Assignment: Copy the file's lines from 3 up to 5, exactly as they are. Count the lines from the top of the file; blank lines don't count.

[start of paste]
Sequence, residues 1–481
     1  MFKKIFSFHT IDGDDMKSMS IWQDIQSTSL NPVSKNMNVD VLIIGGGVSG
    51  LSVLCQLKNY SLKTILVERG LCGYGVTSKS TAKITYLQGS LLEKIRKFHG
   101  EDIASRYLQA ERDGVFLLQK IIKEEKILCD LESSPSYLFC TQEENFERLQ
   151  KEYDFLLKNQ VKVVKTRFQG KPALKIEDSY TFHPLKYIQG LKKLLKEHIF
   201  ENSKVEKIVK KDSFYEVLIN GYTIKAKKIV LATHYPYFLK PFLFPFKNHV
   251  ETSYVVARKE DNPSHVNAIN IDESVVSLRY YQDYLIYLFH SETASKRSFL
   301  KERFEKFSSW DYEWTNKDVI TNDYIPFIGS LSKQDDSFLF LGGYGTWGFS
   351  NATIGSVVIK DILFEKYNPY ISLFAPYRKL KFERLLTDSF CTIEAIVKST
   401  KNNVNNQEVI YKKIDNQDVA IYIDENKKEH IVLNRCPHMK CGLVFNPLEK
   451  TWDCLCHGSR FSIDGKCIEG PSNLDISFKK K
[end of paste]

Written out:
    51  LSVLCQLKNY SLKTILVERG LCGYGVTSKS TAKITYLQGS LLEKIRKFHG
   101  EDIASRYLQA ERDGVFLLQK IIKEEKILCD LESSPSYLFC TQEENFERLQ
   151  KEYDFLLKNQ VKVVKTRFQG KPALKIEDSY TFHPLKYIQG LKKLLKEHIF